A ‘Major’ Conflict For Fox’s New WH Face?

kellyjuly26.jpgFox News has promoted Greg Kelly to be its new White House correspondent. Kelly, by the way, is the son of the NYPD commissioner.

And, unlike his colleague Major Garrett, Kelly is an actual major in the U.S. Marine Corps Reserves. This, to us, raises an interesting question: Can someone in the military objectively cover his Commander-in-Chief?

In addition to his three years at Fox News, Kelly is a veteran reporter and airman. During nine years as a fighter pilot in the Marines, Kelly racked up 158 aircraft carrier landings and even flew over missions over Iraq enforcing the “No Fly Zone.” He currently holds the rank of Major in the Marine Corp Reserves.

gregmarinepic.jpgAnd while that military experience certainly came in handy during the Iraq War–Kelly was embedded with the 3rd Infantry Division’s 2nd Brigade and was the first report to broadcast pictures of Baghdad’s fall–it seems a rather glaring conflict on the White House beat.

How objectively can he do his job when the White House will be constantly making decisions that could bear on whether Kelly is called up for active duty and sent to war? Then there’s that little question of since the President is Kelly’s supreme commander, will Kelly have to salute the President in certain situations?

Will Kelly offer an on-air disclosure when he covers military matters? Should he? Has Fox discussed this potential conflict with him?

For the historians out there, has an active reservist ever covered the presidency before for a major outlet?

> An emailer adds, how will Kelly handle the next time Bush meets with the reporter’s own father? Will he have to say, “Today President Bush met with Mayor Bloomberg and my dad”?

> Another White House scribe chimes in: “Par for the course from Fox. What do you expect? No presumption of objectivity there. At least the conflict of interest is obvious in this case.”

Rove On The Record?

Bob Novak faced some gentle questioning yesterday afternoon on “Inside Politics” from Candy Crowley, and out of it came at least one fascinating insight:

CROWLEY: Well outside whether you testify — I assume you can’t tell us whether you testified at the grand jury or still won’t tell us. Outside of that, can you tell us whether you ever told Karl Rove about Valerie Plame‘s status?

NOVAK: I can’t tell anything I ever talked to Karl Rove about, because I don’t think I ever talked to him about any subject even the time of day, on the record.

Is that normal? Does Karl Rove never speak to anyone on the record? Or can we read anything into how Rove uses Novak by the fact they never speak for attribution?

Anyone out there want to weigh in one way or the other?

> Did Novak lie to Candy Crowley yesterday? Think Progress found at least two instances where Novak has quoted Karl Rove on the record.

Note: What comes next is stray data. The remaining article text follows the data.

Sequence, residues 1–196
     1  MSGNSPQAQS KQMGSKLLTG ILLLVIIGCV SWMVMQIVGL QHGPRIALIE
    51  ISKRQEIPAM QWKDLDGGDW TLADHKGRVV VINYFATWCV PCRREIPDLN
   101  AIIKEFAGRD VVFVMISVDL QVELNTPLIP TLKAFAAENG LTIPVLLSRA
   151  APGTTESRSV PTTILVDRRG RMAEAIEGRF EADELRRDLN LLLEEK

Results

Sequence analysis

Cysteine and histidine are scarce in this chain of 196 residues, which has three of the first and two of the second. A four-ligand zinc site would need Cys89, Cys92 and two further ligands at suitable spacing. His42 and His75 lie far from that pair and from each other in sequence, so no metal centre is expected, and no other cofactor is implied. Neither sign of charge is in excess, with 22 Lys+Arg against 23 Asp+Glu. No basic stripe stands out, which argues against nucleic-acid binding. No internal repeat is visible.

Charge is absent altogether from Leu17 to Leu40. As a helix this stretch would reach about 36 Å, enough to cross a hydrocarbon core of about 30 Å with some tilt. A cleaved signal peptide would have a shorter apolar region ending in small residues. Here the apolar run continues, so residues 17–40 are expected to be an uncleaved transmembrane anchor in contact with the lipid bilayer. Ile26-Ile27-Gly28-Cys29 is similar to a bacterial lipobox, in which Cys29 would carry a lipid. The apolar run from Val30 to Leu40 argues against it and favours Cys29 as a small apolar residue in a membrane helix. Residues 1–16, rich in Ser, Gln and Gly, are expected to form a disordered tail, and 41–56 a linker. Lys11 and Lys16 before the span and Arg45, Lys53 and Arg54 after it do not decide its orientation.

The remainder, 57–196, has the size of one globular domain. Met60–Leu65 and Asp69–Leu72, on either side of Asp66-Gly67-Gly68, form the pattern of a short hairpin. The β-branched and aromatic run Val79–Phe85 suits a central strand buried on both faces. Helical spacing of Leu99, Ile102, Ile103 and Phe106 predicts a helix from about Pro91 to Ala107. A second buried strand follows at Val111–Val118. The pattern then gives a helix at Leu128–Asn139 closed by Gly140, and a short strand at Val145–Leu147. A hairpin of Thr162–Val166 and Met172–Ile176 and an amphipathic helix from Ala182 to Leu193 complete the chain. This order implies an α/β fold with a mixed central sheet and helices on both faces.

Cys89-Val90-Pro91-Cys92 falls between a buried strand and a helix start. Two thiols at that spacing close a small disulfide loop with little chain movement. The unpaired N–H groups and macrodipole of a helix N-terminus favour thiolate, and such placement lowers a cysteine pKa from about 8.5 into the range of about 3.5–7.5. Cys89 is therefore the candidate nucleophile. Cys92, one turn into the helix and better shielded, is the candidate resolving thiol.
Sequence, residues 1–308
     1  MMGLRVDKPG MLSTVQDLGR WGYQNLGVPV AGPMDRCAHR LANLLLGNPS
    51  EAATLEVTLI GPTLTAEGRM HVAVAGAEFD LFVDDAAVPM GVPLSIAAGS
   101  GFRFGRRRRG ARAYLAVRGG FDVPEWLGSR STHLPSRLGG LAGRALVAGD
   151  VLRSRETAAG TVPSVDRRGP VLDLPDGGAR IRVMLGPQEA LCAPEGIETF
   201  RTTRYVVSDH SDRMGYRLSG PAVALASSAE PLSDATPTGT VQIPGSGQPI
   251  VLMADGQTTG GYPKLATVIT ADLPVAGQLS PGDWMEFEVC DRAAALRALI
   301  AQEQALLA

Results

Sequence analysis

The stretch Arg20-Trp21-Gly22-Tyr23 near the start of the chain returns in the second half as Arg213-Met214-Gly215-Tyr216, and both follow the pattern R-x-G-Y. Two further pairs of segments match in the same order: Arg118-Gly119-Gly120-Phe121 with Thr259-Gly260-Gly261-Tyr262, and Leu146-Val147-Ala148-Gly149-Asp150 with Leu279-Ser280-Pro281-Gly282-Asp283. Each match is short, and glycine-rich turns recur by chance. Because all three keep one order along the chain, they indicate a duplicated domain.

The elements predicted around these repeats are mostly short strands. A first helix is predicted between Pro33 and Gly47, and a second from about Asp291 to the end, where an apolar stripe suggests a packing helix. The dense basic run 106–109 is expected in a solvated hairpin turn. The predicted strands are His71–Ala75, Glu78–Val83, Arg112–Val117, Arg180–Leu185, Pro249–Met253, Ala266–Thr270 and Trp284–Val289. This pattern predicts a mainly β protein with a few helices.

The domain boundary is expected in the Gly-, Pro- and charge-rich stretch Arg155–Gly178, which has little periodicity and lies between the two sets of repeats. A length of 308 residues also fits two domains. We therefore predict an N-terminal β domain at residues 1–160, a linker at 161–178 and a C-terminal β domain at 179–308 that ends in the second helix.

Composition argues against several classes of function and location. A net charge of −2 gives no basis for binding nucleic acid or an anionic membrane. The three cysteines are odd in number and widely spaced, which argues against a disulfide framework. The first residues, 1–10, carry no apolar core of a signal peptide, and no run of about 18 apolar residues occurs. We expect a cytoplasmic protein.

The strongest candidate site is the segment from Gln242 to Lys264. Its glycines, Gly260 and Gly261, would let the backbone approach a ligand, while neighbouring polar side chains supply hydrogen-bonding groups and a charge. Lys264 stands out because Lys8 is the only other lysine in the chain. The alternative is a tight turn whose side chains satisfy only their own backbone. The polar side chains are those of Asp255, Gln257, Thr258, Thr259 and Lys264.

Once More Into The Breach….

Scott McClellan continued his battle with the press today, only fielding a couple of questions on what the White House has now chosen to label as the “Valerie Plame issue” instead of calling it the “leak investigation” as it has in past transcripts:

Q: Scott, in the wake of the Valerie Plame incident, on which you will not comment, intelligence officials have indicated there’s a growing concern among operatives in the field, a fear that they might be the targets of political manipulation. And they have indicated that something must be done on the part of the White House to help allay these fears. And given that these people are in the forefront of the war on terror, isn’t it necessary to do something more than simply stonewalling all discussion of the incident in order to restore confidence?

MR. McCLELLAN: And I’ll reject your characterization. What we’re doing is helping to advance the investigation forward. And the President said he’s not going to get into trying to draw conclusions based on reports in the media. Let’s let the investigators complete their work. And that’s what we’ve said, so I’ll reject your characterization. We have for a long time said that we want to help them get to the bottom of this and the best way to do that is to cooperate fully in that investigation. And that means not commenting on it here from this podium.

The hard part of all of this is that Scott McClellan really is just like the best-known member of the Bromeliad family, the pineapple. He may be prickly and hard on the outside, but he’s all soft and sweet on the inside.

Too bad the mean old White House press corps won’t be all sweet back.

Post Hires Away NYT Editor

Wrapping up today’s personnel announcements, the Post appears to have a new deputy national editor. Steve Holmes of the New York Times will be joining the paper once a date has been worked out.

Holmes–a veteran of the Times’ Washington bureau as a congressional, State Department, and presidential campaign correspondent–is a member of the team that won the 2001 Pulitzer for “How Race Is Lived in America,” and has more recently been the deputy education editor.

“We are eager to bring more intensity and visibility to our coverage of social and domestic issues and Steve is anxious to help lead us there. He comes with a strong reputation for creativity, for story conceptualizing, and for being a generally nice guy. We’re nailing down a start date and look forward to his arrival,” Exec Editor Len Downie wrote.

Full announcement after the jump.

> Oh, and if you read Romenesko today, you’ll see that the Post’s sleuth John Mintz is leaving to join his brother’s private eye firm. Of course, Romenesko’s only three weeks late to the story.

Read more

Rep. Hayworth Not Going To Fox — Maybe

jdhayworth.jpgIn a Revolving Door entry that isn’t, Arizona Congressman J.D. Hayworth is not going to leaving Congress to go work at Fox News. Well, at least, maybe not. Right now, that is, no. But that may be primarily because Fox News hasn’t offered him a job.

The rumors, according to the Phoenix Business Journal, have been swirling recently that the former sportscaster and occasional cable news talking head might be angling for a full-time talking head job at Fox.

A Fox News spokesperson denied the rumors to the biz journal and to cousin site TVNewser, and an “industry insider,” who sounds to us a lot like the previously mentioned Fox News spokesperson, added that Hayworth is a “publicity hound who likely put the rumor out there himself to test the waters, but there’s no interest on Fox’s end.”

Hayworth’s press secretary “discounted” the rumors and said that Hayworth “intends” to run for Congress in 2006. Doesn’t really sound Sherman-esque, though, does it?